There is a biological explanation why design and user interfaces are the most important components of a high converting website.
Human beings hate uncertainty. When given the option between the certainty of a bad outcome or an uncertain future, we tend to choose the certainty of a bad one over not knowing what’s next. To manage the stress of uncertainty, “hacks” created thousands of years ago have evolved into natural behaviors that help us navigate the ambiguity of new experiences. One such behavior is the first impression. Consider your initial experiences of a new website a… first date of sorts.
When you meet somebody for the first time, you typically know within the first few seconds whether or not you are going to like them. You size up their physical and sociological features such as their age, race, culture, gender, and and other factors to determine if they are trustworthy, competent and socially compatible with you. Your brain subconsciously converts the uncertainty of meeting a new person to certainty in order to feel “safe”.
These same behaviors apply to website visits as well.
FIRST IMPRESSIONS DO MATTER….. Research at the University of Minnesota found that new users will look at the design and interface and within a few seconds assess the trustworthiness and competence of the website. If you determine the website is “trustworthy”, you are likely to remain on the website, and complete a “desired action”.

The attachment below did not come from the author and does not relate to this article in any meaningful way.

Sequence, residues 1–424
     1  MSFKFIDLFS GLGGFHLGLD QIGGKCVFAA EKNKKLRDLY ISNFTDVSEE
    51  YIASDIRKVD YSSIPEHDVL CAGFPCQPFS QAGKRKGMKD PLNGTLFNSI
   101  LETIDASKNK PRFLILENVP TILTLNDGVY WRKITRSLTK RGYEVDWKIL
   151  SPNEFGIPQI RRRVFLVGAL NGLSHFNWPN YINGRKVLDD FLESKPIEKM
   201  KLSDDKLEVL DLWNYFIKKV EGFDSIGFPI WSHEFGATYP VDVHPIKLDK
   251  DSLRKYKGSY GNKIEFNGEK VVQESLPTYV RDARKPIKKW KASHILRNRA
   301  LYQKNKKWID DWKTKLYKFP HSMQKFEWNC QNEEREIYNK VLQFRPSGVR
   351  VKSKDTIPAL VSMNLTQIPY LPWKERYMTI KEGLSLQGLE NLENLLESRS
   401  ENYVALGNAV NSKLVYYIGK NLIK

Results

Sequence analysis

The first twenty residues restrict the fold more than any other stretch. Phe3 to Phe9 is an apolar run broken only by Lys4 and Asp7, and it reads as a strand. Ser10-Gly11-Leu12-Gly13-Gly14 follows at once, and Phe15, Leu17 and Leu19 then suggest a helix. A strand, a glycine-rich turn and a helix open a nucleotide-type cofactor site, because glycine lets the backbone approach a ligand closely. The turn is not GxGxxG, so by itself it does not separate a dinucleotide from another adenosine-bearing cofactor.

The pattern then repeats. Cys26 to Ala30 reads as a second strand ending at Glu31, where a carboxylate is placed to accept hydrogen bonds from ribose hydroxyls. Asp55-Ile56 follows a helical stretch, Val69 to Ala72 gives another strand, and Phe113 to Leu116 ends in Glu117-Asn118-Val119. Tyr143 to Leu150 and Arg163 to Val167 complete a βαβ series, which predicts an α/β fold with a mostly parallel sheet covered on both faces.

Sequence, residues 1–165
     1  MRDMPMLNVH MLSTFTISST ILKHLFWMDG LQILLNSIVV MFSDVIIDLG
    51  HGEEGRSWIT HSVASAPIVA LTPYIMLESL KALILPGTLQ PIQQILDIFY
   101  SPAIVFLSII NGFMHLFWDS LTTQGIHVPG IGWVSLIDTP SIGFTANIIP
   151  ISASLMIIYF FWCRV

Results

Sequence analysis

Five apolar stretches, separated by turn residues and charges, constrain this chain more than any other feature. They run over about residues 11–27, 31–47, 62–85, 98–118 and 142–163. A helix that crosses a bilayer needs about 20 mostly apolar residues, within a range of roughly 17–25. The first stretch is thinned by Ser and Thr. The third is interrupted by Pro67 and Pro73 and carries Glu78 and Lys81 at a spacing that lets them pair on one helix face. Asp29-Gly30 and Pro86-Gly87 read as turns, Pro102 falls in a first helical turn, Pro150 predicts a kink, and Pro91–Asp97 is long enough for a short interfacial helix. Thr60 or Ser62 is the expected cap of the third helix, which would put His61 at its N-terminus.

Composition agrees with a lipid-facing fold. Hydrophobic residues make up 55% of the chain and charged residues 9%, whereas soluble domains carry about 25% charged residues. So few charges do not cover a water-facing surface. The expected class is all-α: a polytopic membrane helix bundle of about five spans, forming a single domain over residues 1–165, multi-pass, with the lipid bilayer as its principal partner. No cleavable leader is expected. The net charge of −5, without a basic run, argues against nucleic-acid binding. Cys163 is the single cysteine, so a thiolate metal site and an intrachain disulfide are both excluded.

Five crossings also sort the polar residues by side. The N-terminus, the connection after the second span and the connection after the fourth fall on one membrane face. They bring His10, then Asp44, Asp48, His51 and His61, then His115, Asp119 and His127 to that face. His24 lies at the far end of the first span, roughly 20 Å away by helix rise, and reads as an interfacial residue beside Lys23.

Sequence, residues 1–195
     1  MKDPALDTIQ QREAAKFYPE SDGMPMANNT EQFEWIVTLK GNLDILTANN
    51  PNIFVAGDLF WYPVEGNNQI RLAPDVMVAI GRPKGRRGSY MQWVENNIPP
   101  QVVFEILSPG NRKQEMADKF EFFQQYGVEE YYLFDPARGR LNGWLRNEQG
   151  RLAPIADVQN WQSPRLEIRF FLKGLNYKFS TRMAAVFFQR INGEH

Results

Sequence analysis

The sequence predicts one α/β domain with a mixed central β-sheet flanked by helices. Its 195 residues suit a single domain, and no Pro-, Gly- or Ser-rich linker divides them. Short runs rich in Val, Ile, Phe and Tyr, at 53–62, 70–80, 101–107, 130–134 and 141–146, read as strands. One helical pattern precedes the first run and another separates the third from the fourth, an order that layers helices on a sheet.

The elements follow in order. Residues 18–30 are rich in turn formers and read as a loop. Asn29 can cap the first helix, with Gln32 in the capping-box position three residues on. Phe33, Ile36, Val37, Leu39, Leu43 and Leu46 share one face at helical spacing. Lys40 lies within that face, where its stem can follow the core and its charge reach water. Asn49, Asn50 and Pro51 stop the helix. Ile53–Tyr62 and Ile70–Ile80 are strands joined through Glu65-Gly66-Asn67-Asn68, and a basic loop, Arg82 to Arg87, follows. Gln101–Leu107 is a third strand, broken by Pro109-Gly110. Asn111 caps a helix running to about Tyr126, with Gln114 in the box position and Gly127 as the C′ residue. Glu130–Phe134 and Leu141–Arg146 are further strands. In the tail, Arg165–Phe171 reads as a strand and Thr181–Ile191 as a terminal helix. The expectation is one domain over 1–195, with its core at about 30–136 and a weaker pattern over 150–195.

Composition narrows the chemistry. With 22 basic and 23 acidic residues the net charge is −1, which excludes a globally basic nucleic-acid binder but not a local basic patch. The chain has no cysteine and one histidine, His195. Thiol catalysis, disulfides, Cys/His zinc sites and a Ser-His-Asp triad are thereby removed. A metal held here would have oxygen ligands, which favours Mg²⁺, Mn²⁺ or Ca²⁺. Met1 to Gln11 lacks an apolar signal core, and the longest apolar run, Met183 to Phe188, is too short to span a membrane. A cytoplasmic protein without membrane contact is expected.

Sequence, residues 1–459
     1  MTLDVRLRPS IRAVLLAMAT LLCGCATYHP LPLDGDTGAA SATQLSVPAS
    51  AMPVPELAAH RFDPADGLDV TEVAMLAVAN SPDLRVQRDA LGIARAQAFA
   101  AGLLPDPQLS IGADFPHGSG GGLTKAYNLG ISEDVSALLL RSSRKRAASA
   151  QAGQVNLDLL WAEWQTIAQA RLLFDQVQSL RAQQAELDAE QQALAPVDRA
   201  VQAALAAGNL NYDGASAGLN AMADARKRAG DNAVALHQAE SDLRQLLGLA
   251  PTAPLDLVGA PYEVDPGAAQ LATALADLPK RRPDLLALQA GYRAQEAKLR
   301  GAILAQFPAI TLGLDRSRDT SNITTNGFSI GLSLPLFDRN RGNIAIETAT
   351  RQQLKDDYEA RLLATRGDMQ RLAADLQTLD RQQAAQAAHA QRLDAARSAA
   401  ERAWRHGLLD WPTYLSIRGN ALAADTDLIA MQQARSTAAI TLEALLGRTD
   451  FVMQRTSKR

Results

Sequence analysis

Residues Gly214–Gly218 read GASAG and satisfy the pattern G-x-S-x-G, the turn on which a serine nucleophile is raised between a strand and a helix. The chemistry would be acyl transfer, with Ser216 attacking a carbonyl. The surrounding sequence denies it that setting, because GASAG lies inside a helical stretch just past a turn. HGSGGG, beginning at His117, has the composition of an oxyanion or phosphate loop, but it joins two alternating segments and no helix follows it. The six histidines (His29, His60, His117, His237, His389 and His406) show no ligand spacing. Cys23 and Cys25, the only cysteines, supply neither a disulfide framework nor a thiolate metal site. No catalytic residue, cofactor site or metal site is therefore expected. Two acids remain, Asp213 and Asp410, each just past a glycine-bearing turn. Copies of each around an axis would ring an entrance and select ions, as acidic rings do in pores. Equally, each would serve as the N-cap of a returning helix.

The study above also examined how long test subjects focused on particular design elements.
Time spent was used as a proxy for how important that design or user-interface element is in determining trustworthiness and competence. The results were as follows:
- Logo – 6.48 seconds
- Main navigation menu – 6.44 seconds
- Search box – Just over 6 seconds
- Social networking links – 5.95 seconds
- Main image – 5.94 seconds
- Written content – 5.59 seconds
- Bottom of the website – 5.25 seconds
The test subjects were college students and as a consequence of their younger age the importance of social networking is likely overstated. However the results of the study highlighted something that was not-so-obvious: the logo is the most important design element, followed by the main navigation menu with the footer being the least important if determining trustworthiness is your main objective. From the images on the page as well as the overall site content, every part of the user experience factors into am assessment of overall trustworthiness.
It is all about conversions
You are likely reading this post for one reason, and one reason only – to maximize the return on your marketing investment. If your website is set up to attract prospective users to initiate a desired action, then you are in the right frame of mind. Tracking ROI and conversions may seem like a simple process but the moving parts can be deceptively complicated. Generally, the formula is to divide your gross media spend by customer conversions to get your CAC, this consequential conversion rate is the holy grail of how all e-commerce businesses are judged.
Putting it all together
The name of the online game is and always will be conversions. Visitors only convert to leads or customers if they trust you, but how much faith they are willing to give your brand is determined by the quality of UI/UX on your website and the efficacy of compelling marketing material that translates digitally. The individual factors that convey trustworthiness and competence depend on industry, business goals, target market, and the expectations and experiences of your users.
So what effect does the UI/UX have on conversions? As it turns out: everything. UI/UX plays the same role on websites as physical appearance and social behavior does in the real world among humans. This rule is the science of life and of e-commerce. And for what it’s worth… nobody said it would be easy.
Happy hunting and may the force be with you.
#UI/UX #conversion #design